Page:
Search This Blog

Sunday, February 26, 2012

Embrace for babies

An incubator can cost up to $20,000 and requires electricity.  Many premature and low birth weight babies born in 3rd world countries live in rural areas with no electricity. Access to a hospital is difficult at best.  In many of these cultures, the babies are not named for the first month because so many of them die, many from hypothermia.  They have no fat on their bodies and cannot keep warm.  The mothers try various ways to keep them warm, from heating towels in the frying pan and wrapping the baby, to holding the child over hot coals.  But still, many die.  Those who survive are faced with a life full of health problems because so much of their energy went to trying to stay warm that their organs suffer. In India, more babies die every year than in any other country in the world.

In 2008, Stanford University put together a unique class.  It was multi-disciplinary and was called Entrepreneurial Design for Extreme Affordability.  One of the assignments for the students was to come up with an incubator (one use of an incubator is for warmth) for premature and low birth weight infants that would not only keep them warm, but use no electricity and cost less than $200.
Four of the students, Jane Chen, Rahul Panicker, Naganand Murty and Linus Liang, teamed up on the project.  Among the four, their schooling already consisted of a Ph.D. in Electrical Engineering, an Aerospace Engineer, and a Masters in Computer Science.  What they came up with was sheer genius!

Here it is.

It looks like a sleeping bag for a baby.  A pouch filled with paraffin wax and water is heated - either with an electric warmer or with boiling water being poured over it - and the pouch is slipped inside a pocket in the bag.  The baby is wrapped up inside the bag and the wax keeps the baby warm for 4-6 hours.  The inside of the bag is seamless so that bacteria won't collect, and it can be washed in boiling water.  It took two years of prototypes before this one came about.  The company, Embrace, is currently in India getting the distribution and training under way.  Then they will move to other countries.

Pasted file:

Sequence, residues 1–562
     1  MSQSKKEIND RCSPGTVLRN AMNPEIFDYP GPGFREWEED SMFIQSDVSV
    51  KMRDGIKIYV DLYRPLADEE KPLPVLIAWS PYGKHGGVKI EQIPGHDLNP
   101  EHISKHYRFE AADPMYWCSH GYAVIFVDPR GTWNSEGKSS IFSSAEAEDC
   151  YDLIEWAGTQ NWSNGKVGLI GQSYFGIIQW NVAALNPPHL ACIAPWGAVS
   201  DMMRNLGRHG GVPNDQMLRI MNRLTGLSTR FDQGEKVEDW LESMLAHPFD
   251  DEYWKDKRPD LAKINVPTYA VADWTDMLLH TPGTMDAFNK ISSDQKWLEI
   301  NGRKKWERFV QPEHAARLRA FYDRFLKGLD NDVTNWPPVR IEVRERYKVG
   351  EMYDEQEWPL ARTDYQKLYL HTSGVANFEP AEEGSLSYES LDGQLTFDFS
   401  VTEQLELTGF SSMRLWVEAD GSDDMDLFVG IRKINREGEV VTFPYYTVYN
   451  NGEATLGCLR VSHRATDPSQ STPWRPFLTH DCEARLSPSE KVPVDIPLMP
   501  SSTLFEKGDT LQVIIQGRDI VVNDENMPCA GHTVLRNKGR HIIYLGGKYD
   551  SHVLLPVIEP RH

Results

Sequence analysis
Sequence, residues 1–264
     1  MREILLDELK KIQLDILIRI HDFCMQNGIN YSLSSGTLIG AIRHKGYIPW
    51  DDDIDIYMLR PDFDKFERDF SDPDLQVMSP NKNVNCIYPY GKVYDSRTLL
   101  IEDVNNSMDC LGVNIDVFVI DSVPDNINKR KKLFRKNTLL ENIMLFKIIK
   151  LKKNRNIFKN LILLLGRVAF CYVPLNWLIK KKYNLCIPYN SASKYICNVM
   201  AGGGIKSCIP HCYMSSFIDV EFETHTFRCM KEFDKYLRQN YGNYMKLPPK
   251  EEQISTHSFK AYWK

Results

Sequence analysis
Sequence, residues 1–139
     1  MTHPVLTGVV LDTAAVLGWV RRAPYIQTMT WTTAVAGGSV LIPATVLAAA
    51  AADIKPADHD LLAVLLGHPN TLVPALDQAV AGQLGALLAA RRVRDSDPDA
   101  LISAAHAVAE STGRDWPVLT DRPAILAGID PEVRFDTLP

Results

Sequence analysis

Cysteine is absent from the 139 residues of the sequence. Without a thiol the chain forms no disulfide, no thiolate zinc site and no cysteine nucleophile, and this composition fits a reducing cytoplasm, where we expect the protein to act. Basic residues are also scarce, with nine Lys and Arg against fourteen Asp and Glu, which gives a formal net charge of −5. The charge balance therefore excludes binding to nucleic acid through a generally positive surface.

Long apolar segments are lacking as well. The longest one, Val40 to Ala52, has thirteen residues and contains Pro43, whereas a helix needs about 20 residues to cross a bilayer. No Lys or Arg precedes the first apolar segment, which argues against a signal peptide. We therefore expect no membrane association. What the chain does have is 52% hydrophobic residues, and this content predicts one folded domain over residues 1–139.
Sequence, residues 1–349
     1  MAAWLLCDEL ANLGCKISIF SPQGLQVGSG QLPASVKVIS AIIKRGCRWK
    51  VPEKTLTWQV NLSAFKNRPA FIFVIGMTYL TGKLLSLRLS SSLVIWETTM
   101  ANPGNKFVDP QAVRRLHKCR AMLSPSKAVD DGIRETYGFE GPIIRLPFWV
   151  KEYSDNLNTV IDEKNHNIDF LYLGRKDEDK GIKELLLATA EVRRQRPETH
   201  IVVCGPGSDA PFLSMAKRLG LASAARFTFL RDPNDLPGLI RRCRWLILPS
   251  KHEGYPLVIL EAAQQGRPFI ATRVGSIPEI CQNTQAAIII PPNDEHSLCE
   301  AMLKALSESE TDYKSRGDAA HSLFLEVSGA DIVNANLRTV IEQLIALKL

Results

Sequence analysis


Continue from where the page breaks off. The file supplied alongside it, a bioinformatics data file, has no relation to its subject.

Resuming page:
It is hoped that over the next 5 years, 100,000 babies can be saved.

Now you have heard something interesting.

Just a personal note....

About a year ago, I signed up for a Netflix account.  Wow, it was fun! Instant movies and tv episodes. This was better than any "on-demand" offer on the satellite tv subscriptions we had in the past. One of my favorite shows was on Netflix.  The old Dick Van Dyke show.  I watched every episode.  Then on to Nova, Murder, She Wrote, and Andy Griffith.

My work is mostly in my basement.  Sewing for a living, and mostly working by myself, makes for a very boring day. In the past I had amused myself by listening to audio books and podcasts.  It was a great mix of learning and earning a living.  Then I got Netflix and it opened a new vista of entertainment.  I was hooked.

When my children were young, I noticed a very strong correlation between electronic games and tv vs. creativity.  When one went up, the other went down.  It was so obvious to me.  We didn't own a gaming system then.  Occasionally we would rent a Nintendo and some games and they would play to their hearts content for a few days. It was for specific days like New Year's Eve or for one of their birthdays.  I am sure they often felt like the odd man out among their friends because we didn't own one.  I am sure other mothers felt like my children were deprived.  One year a neighbor gave my son their used Nintendo when they upgraded.  (I was so proud of him a year or so later at the young age of 13 when he gave it to someone for Christmas who really longed for one.)

Anyway, what has not been so obvious to me is what has happened in the past year.  The movies and tv episodes that I have watched on Netflix have been good shows.  Nothing R rated or that would bring down my attitude.  But just like with my children, when my watching went up, my creativity and learning plummeted.

Yesterday I cancelled my Netflix account. I am excited to experience the rebound of what I have lost.  So many things to learn and books to read.  I'm sure my blog will be affected, too.

I am not saying Netflix is bad, but there needs to be a balance of things in our lives for us to be balanced.  I have an addictive side to my personality, and could not control the amount of time spent watching.  The only solution for me was to quit cold turkey.  Pushing that cancel button was a one-time decision and much easier than making the decision over and over again that I had seen enough for one day.

Now, on to some serious blogging.